Should I get a home equity loan or
a home equity line of credit?
When you are a homeowner, it is possible to that you might be able to borrow from the property value of your home via a home equity line of credit (HELOC) or a home equity loan (HEL). Both of them are in essence become the second mortgage on the property.
What’s the main difference?
With a HELOC it means that you can draw funds, at an established limit, any time you need cash. There's usually a standard payment due monthly, with the choice to repay as much on the line as you want. The way in which you use and pay back funds on a HELOC is similar to the way you use and repay funds for other revolving personal lines of credit, like a credit card. With a HEL, you obtain a lump sum of cash and have a set monthly payment which you repay spanning an established time frame. With either product, the amount you are allowed to borrow is dependent on variables including your current income, total debts, the value of your property, the amount still owed against your mortgage as well as your credit profile.
The attractiveness of these categories of loans is their rates of interest, which are usually significantly lower than those found with credit cards or other traditional bank loans since they are secured against equity in your home. What's more, the interest you pay with a home equity line or loan is usually tax deductible.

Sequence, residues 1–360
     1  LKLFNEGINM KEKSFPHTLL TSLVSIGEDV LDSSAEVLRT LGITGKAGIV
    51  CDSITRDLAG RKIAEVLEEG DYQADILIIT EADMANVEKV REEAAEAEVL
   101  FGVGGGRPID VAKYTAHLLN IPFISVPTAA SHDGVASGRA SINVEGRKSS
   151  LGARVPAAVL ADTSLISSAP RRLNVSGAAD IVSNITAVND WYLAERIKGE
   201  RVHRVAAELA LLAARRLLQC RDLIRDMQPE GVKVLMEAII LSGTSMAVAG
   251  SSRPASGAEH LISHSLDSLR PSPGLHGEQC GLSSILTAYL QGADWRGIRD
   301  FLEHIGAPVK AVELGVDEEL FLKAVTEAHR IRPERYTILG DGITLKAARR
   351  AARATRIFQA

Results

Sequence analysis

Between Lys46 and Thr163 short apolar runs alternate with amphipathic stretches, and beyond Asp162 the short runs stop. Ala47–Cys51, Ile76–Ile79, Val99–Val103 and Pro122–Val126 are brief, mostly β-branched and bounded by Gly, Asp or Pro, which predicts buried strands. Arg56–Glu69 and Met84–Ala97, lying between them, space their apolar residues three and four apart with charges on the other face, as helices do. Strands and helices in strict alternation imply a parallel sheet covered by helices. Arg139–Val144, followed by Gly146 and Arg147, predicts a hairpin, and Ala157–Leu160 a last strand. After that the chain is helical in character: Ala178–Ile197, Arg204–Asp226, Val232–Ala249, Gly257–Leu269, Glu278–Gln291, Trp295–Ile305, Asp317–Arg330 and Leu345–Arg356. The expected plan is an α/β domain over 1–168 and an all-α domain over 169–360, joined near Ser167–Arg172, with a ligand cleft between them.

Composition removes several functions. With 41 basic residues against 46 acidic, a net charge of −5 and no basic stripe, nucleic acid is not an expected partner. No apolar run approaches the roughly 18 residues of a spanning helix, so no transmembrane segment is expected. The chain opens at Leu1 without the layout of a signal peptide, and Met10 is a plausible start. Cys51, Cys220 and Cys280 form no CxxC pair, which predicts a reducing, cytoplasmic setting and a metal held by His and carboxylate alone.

How do I know which is right for me?
Typically, a HELOC is an effective choice to satisfy on-going cash needs like school tuition payments. A HEL is much more ideal whenever you need cash for a special, one-time purpose, along the lines of purchasing a vehicle or perhaps to pay for a significant remodel of your home
How do the costs compare?
Both home equity lines of credit and home equity loans generally have a greater rate of interest compared to that of a first mortgage. With a HEL, you could choose either a variable rate which changes in accordance with variations in the prime rate, or you may decide on a fixed rate of interest. With a fixed rate you will be able to plan for a predictable monthly payment without ever worrying that you payment will increase because interest rates rise. With a HEL, there's closing costs that should be considered that don't apply to HELOCs.
A HELOC is usually known for a lower initial rate of interest when compared to a HEL, however its rate fluctuates in accordance with the prime rate, so there exists more interest rate risk. In contrast to a HEL, where your monthly payments are a set amount, a HELOC makes it possible for you to borrow funds when needed and make interest only payments each month if that's what you choose to do. Additionally, you will find that there are typically no closing costs when you open a HELOC.
Above all, always remember that your home is the collateral for both a HELOC and a HEL. Should a HELOC’s easy access to cash tempt you to run up more debt than you can repay, or should you ever fail to make your payments, you could lose your house.